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Proposals laid out in yesterday's State of the State address would put California on a different path from former Governor Schwarzenegger or the Obama Administration. This year, the Governor hasn't even applied for federal "Race to the Top" funding, which has angered LA Unified's Superintendent John Deasy. Brown's proposals are less top-down than current policies, giving more power to local school boards. We hear from Deasy, one of Brown's top education advisors and others about what's intended and what the impact might be on California's public schools. On our rebroadcast of today's To the Point, Hollywood and Silicon Valley on Capitol Hill.

Banner image: juicyrai/flickr

Producers:
Christian Bordal
Frances Anderton
Karen Radziner

Main Topic Governor Brown and K-12 Education 25 MIN, 44 SEC

In yesterday's State of the State address, Governor Brown spent a lot of time on K-12 education, the biggest single item in the state budget. His proposals could put California out of phase with the education policies of the Obama Administration. He called for major changes in funding, testing and teacher evaluation, and for shifting more power from the state to local school boards. Brown would redirect the one-third of all state money that is earmarked for specific purposes to provide basic funding "with additional money for disadvantaged students and those struggling to learn English." He called for a reduction in test taking and in the time it takes to get test results to educators. He also called for qualitative assessments that include "a site visitation program where each classroom is visited, observed and evaluated."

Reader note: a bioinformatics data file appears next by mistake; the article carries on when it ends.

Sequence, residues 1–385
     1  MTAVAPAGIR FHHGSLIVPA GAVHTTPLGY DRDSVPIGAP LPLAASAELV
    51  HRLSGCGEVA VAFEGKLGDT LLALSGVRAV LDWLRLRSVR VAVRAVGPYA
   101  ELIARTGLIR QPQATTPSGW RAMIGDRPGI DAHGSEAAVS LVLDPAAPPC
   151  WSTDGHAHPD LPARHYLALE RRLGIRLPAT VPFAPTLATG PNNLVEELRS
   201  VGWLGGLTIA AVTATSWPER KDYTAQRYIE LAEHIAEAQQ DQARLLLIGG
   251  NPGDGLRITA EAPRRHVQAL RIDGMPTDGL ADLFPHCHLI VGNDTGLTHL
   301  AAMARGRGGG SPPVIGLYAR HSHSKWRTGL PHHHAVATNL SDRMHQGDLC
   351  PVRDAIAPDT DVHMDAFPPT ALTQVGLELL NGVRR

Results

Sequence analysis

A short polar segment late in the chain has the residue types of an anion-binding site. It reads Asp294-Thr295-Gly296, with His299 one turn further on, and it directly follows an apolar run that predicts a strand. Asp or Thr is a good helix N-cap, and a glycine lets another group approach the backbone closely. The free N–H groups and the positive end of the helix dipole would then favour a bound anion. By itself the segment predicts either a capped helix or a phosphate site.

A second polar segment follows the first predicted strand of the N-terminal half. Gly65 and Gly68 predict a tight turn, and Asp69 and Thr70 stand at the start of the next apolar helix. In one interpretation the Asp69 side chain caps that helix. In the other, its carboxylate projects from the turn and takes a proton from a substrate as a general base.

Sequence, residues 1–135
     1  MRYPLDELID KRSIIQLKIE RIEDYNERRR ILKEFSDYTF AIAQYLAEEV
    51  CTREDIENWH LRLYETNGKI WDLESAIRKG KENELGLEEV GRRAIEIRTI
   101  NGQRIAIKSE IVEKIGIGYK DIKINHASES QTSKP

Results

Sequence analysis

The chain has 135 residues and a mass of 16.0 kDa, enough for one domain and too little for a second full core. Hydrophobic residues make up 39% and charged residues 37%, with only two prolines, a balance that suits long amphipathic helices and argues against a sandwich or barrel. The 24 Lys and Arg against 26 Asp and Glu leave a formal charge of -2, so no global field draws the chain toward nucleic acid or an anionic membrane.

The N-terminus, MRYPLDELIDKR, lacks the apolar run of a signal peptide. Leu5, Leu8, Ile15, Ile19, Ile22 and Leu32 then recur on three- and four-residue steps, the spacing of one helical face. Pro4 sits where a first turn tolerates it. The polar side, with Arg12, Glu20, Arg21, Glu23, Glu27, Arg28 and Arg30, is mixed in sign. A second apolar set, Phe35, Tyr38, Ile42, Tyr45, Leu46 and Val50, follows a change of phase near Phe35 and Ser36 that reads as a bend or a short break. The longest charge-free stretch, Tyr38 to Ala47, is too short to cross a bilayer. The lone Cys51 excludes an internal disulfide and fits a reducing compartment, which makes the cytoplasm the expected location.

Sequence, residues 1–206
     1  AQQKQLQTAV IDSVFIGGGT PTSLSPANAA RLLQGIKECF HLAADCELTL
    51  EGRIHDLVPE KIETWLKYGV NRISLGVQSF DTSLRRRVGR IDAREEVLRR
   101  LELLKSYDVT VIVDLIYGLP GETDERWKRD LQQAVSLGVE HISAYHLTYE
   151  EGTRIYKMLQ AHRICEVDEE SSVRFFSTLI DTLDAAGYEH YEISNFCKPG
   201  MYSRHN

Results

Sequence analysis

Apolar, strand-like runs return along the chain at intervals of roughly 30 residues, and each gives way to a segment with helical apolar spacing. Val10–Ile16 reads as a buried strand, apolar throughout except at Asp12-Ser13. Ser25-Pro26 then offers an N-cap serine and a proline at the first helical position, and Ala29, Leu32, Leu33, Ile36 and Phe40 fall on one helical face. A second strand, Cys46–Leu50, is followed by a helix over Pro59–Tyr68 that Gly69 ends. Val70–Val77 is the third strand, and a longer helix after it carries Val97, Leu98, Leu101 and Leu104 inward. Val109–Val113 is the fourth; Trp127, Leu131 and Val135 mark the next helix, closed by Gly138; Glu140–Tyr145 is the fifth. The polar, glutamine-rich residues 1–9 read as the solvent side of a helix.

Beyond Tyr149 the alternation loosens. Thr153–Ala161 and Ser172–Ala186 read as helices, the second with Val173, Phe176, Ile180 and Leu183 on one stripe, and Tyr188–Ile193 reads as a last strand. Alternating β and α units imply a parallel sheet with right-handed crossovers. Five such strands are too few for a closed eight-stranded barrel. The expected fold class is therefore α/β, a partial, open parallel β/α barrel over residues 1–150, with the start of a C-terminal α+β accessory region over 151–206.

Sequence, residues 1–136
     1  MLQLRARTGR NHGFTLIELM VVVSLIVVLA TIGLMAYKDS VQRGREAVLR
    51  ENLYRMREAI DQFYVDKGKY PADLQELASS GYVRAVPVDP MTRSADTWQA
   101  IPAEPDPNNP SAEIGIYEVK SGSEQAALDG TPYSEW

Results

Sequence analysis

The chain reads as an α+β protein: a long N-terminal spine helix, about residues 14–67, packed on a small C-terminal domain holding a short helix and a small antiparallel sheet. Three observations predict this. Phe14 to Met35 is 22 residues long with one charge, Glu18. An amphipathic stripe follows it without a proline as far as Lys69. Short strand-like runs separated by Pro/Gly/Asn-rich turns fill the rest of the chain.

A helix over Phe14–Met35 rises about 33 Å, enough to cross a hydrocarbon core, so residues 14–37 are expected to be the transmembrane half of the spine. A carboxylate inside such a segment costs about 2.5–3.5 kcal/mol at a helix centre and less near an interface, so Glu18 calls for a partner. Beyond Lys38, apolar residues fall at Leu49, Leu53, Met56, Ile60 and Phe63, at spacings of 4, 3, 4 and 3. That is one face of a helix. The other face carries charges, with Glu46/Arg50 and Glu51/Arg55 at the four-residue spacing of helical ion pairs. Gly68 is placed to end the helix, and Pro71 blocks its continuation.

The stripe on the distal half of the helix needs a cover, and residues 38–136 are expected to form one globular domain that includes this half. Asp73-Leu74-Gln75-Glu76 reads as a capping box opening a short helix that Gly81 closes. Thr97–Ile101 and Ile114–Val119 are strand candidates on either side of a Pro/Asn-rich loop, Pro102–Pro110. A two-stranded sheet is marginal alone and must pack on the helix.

Guests:
Howard Blume, Los Angeles Times (@howardblume )
Sue Burr, California State Board of Education
John Deasy, Los Angeles Unified School District (@DrDeasyLAUSD)
Bruce Fuller, UC Berkeley

Standardized Childhood

Bruce Fuller

Main Topic SOPA: Silicon Valley and Hollywood on Capitol Hill 26 MIN, 15 SEC

SOPA: Silicon Valley and Hollywood on Capitol HillPIPA, the Protect Intellectual Property Act, was passed unanimously by the Senate Judiciary Committee just last year.  In the House, SOPA, the Stop Online Piracy Act, had been moving along. But Hollywood's effort to protect its products has run into another competing special interest group: Silicon Valley, which flexed its muscles yesterday when Wikipedia, Reddit and 10,000 other websites were blacked out. Washington got the message. Where did Hollywood go wrong? What can it do now to protect its products?

Guests:
Jim Puzzanghera, Los Angeles Times
Miles Feldman, trial attorney and litigator
Marissa Gluck, Huge Inc. (@marissagluck)
Kim Masters, host, 'The Business' (@kimmasters)

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